I am sure the House will agree that the matter should receive a little detailed investigation. I will start with a very modest figure. The Report of the Comptroller and Auditor General, which has just been published, shows that in 1953–54, among other losses, the Ministry incurred a loss of £20,876,010. This had nothing whatsoever to do with subsidies. It was the old story of buying on a rising market and selling on a falling market. I do not know which colloquialism you prefer, Mr. Speaker, but it was either money down the drain or money up the spout.

I asked the Minister of Food a Question about this loss, and I got a very remarkable reply from the Parliamentary Secretary, who told me that the loss "represented about 8 per cent. of the cost of trading stocks held at that date." I wanted to know what percentage it represented on the stock realised, which was obviously far larger than 8 per cent. However, here we have the position that at the time when everyone else in the food business is making handsome profits, the Ministry is making a loss of 8 per cent. It is a remarkable achievement.

This year, the position is equally fantastic. As the Parliamentary Secretary likes to say, the Ministry is getting out of the business, realising stocks and paying the receipts to the Exchequer. When the year began, the Minister of Food, in the Estimates, said that he would pay over to the Exchequer £110 million. However, the Exchequer is not to get that at all. When we got the supplementary Estimates we found that not £110 million, but only £70 million would be paid into the Exchequer. Again, I asked the right hon. Gentleman to tell me the reason why, and I got this laconic reply from the Parliamentary Secretary: Because of lower realisation prices and reductions in quantities sold."—[OFFICIAL REPORT. 28th February. 1955; Vol. 315, col. 220.]

Mr. J. B. Godber (Grantham)

I am trying with great care to follow the hon. Gentleman's argument. Is he really arguing now against the whole principle of bulk purchase? If so, how does he fit that into his new plan for marketing commissions?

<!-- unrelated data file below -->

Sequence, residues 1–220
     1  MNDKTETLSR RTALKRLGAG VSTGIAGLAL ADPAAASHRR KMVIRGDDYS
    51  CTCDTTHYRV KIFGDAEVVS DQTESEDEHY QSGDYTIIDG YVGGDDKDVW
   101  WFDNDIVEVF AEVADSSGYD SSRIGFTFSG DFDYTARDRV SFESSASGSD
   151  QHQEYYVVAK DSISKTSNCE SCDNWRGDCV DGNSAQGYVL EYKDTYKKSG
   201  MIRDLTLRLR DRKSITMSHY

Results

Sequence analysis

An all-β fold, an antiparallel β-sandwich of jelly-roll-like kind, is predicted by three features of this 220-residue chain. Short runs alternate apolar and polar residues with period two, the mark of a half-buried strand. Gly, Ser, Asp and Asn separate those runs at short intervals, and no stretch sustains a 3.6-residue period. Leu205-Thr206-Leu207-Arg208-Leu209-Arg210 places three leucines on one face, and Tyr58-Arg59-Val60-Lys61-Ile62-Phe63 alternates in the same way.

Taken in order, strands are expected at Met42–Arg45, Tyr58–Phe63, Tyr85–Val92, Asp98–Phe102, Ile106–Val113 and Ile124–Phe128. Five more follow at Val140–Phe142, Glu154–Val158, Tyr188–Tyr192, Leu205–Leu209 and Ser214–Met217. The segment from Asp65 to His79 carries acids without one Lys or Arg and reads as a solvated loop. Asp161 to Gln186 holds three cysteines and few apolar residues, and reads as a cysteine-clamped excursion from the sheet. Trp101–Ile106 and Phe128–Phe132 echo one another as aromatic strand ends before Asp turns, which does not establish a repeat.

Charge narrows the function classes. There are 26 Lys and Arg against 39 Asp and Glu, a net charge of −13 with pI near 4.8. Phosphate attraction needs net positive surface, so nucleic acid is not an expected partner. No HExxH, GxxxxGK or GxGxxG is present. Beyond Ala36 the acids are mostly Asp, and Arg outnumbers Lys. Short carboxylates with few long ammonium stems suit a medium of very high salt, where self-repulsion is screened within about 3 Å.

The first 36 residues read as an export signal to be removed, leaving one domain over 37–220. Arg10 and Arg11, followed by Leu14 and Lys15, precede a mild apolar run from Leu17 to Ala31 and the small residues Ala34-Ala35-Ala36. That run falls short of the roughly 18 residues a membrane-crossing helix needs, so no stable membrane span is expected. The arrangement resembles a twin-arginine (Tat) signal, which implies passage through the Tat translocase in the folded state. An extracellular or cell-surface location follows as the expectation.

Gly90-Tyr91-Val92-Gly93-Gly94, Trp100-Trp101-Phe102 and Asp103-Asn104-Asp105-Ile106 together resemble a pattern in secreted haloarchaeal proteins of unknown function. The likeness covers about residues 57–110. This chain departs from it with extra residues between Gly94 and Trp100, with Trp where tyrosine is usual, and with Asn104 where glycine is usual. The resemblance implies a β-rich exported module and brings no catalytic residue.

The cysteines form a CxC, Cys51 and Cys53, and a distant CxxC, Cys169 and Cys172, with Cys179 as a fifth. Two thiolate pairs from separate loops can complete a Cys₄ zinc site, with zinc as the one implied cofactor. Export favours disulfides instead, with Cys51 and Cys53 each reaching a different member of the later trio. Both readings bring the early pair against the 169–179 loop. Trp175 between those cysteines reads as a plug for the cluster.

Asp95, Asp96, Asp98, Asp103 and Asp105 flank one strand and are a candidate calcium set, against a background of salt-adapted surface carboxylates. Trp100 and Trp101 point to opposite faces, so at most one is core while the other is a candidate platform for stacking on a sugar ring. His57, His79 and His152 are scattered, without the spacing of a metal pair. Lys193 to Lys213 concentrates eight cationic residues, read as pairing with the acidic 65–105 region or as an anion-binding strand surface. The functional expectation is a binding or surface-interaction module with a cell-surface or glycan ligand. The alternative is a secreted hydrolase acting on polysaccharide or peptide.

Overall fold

Mr. Willey

I will explain quite briefly. I am sorry that the hon. Member has not followed me so far. I am saying that we have high retail prices, but that, notwithstanding those high and increasing retail prices, whereas every one else in the food business has been making an enormous profit, the Ministry of Food has managed to make an enormous loss. I ask the Minister to state how much of the £40 million has gone down the drain. How much has to be written off as a commercial loss?

When we use the phrase "realisation of stocks," it really covers a grotesque position. Does the right hon. Gentleman dare to deny that butter and cheese are going bad in store. What about the 100,000 tons of sugar stored in the barges at Rotterdam and other Continental ports? There is bacon stored in the cold stores of Denmark, such a large amount that the Minister was too embarrassed to give me a figure. Today, meat is stored afloat. Two questions that I should like to put to the right hon. Gentleman are, "How much food is today stored abroad?" and, "What is the cost in foreign currency?"

Perhaps I ought to ask the right hon. Gentleman a third question. Has he received any representations from the bargees? Surely at this time of the year they want to be going up the Rhine. They may welcome being pensioned by Her Majesty's Government, but I should have thought that by this time they would have liked to use their barges for their proper purpose.

Now let us deal with the individual commodities which I have been discussing, and first butter and cheese. The taxpayers this year will foot the bill for Ministry losses to the tune of £5,300,000. That is £5 million more than the Minister estimated at the beginning of the year. How has that happened? Last year the price of cheese was increased by 2d. per lb. to eliminate the subsidy. As I have said, it is selling today at 2s. to 3s. 6d. per lb. compared with Is. 2d. per lb. under the Labour Government. Butter is selling at an average price of 4s. per lb. compared with 2s. 6d. per lb. under the Labour Government. Last year we had a price increase of 8d. per lb. followed by a further 4d. on decontrol, and yet at the end of the year the Minister comes to the House and says, "On butter and cheese I have made losses; the taxpayers have lost £5,300,000."